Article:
A conoid is a ruled surface whose rulings are parallel to a plane (called the directrix plane) and intersect a fixed line (called the axis
of the conoid) (Gellert et al. 1989, p. 202). Examples include the circular conoid , helicoid ,
hyperbolic paraboloid , parabolic
conoid , Plücker conoid , right
circular conoid , Wallis's conical edge ,
Whitney umbrella , and Zindler
conoid . If the axis is perpendicular to the directrix plane, the conoid is called
a right conoid (Gray et al. 2006, p. 436).

A conoid is a Catalan ruled surface .

A different definition was used by Archimedes in his treatise On Conoids and Spheroids , where he considered a conoid to be a solid (or surface) formed by the revolution
of a conic section about one of its principal axes
(Chisholm 1911, p. 964), i.e., a paraboloid ,
hyperboloid , or spheroid .

See also Catalan Ruled Surface ,

Right Conoid ,

Ruled Surface
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References Berger, M. and Gostiaux, B. Géométrie diffŽrentielle: variétés, courbes et surfaces. Paris:
Presses Univ. France, 1987. Chisholm, H. (Ed.). "Conoid." Encyclopædia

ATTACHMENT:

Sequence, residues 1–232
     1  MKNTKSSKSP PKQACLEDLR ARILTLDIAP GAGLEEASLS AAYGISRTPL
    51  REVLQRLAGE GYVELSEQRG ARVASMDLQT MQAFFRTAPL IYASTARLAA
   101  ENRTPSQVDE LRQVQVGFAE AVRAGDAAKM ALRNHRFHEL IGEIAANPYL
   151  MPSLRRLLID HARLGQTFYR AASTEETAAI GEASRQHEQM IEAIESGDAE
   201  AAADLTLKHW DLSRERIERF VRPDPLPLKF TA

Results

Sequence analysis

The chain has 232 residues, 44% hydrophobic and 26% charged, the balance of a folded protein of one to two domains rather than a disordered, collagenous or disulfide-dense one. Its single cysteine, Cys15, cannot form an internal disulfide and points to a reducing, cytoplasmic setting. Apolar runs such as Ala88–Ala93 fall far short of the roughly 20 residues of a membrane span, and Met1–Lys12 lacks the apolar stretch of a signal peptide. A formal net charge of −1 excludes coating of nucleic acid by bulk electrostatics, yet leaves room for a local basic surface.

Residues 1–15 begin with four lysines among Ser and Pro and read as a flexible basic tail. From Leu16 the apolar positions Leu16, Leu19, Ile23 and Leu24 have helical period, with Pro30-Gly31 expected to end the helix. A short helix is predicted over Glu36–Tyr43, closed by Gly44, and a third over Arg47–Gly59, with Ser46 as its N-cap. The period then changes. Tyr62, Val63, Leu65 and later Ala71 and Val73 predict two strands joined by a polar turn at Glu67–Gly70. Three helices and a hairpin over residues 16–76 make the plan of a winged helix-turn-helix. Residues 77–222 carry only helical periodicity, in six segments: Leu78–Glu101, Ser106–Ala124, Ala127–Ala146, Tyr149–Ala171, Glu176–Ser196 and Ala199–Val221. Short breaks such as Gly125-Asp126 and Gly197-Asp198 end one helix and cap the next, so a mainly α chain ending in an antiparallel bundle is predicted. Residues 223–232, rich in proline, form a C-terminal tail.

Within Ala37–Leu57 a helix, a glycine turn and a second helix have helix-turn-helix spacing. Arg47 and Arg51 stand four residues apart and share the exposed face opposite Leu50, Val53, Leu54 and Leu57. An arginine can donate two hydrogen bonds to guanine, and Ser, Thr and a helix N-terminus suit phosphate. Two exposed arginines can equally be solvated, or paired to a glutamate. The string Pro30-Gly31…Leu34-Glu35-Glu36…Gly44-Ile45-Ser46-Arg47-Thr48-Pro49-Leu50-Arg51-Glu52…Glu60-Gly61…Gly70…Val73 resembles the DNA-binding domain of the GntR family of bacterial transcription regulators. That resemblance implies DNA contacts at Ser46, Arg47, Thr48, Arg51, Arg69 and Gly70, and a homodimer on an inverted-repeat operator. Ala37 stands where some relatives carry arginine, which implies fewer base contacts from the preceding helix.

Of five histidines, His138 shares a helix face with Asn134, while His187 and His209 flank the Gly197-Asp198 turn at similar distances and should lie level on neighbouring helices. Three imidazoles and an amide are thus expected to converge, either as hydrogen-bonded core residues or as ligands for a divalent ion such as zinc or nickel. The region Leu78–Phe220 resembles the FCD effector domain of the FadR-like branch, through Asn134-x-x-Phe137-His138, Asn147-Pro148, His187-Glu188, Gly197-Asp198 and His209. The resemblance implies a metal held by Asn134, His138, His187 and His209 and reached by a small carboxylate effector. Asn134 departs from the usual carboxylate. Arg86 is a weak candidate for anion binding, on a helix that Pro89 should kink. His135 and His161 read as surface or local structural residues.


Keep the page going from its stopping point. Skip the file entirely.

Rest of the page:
Britannica, Vol. 06 (11th Ed.). Cambridge, England: Cambridge University
Press, p. 964, 1911. Coolidge, J. L. (1945). A history of the
conic sections and quadric surfaces. Dover Public. Do Carmo, M. P. Differential
Geometry of Curves and Surfaces, rev. upd. 2nd ed. New York: Dover, 2016. Ferréol,
R. "Conoid." https://mathcurve.com/surfaces.gb/conoid/conoid.shtml . Gellert,
W.; Gottwald, S.; Hellwich, M.; Kästner, H.; and Künstner, H. (Eds.). VNR
Concise Encyclopedia of Mathematics, 2nd ed. New York: Van Nostrand Reinhold,
1989. Gray, A.; Abbena, E.; and Salamon, S. Modern
Differential Geometry of Curves and Surfaces with Mathematica, 3rd ed. Boca
Raton, FL: CRC Press, 2006.
Cite this as:
Weisstein, Eric W. "Conoid." From MathWorld --A
Wolfram Web Resource. https://mathworld.wolfram.com/Conoid.html

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